Whether it is legal or illegal, if the question comes up, you need to be able to handle it with finesse. You need to think about how answering this question might put you in a different salary bracket if the interviewer thinks he can leverage the number against you. You aren’t always getting an extremely high salary at your current job or maybe you are getting a great salary, or maybe you have a low base salary and a lot of commission, or maybe you have a series of benefits which justifies earning a lower salary.
Say something like – “my current salary really doesn’t represent my current job. I have taken on a series of new tasks and responsibilities at work.”
You may also mention that you work in Arkansas but are interviewing for a position in Silicon Valley, so your salary there is much lower because cost of living is much lower.
What Are Your Salary Requirements – Tips
Try to stay positive and optimistic throughout the interview and especially with this question. It can be hard when you have just received an extremely low offer, or one that is not at all reasonable. What you don’t want to do at this time is say, “Forget it and thanks for your time, but no thanks.” Be grateful and show your enthusiasm for the position. I know this sounds counter-intuitive but, sometimes, the company doesn’t have the budget to pay you for this position; however, they may have other positions that fit your skill-sets and they think might be a great fit for you. The last thing you want to do is burn bridges. Keep them intact and maintain good communication with the interviewer.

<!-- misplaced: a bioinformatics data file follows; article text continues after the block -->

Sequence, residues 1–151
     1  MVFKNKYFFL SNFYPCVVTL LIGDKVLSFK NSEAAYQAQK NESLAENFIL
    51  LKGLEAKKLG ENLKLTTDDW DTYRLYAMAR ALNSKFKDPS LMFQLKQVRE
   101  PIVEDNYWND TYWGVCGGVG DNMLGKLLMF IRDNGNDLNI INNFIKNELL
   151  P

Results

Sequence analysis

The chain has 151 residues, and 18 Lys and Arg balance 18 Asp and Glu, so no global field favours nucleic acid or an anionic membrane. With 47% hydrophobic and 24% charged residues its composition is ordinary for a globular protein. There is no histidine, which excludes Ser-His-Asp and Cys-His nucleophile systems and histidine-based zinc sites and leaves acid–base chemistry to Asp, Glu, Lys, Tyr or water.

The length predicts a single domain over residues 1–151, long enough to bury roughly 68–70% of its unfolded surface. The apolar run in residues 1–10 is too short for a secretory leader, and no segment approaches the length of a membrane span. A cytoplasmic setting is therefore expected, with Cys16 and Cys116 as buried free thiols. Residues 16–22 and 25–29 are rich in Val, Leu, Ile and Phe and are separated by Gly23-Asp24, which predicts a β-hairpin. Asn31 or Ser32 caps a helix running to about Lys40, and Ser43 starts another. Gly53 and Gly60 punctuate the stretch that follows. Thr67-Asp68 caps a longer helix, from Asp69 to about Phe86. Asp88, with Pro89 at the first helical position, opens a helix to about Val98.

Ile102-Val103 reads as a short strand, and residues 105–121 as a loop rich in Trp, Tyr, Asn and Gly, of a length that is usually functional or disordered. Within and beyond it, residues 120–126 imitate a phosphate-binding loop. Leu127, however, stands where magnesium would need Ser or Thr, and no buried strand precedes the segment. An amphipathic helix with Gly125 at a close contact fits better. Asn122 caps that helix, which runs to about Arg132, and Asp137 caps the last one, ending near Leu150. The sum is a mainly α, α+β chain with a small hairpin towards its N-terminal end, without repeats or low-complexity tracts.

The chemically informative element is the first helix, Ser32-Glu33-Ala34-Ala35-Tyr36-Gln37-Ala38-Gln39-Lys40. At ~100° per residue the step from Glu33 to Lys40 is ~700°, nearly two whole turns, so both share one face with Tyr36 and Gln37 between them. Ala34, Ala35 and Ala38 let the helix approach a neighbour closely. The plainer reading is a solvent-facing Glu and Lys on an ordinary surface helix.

Make a reasonable counter offer. You may receive an offer by email or verbally from the recruiter which is not at all feasible for you to accept. What do you do? Counter it! Normally, in the original offer, they will stipulate a time to give an answer by. If it is over the phone or in a live interview, you will normally have some time to think about it. Most companies don’t use the explosive offer method where the offer ends at the end of the day or week – trying to force you to decide.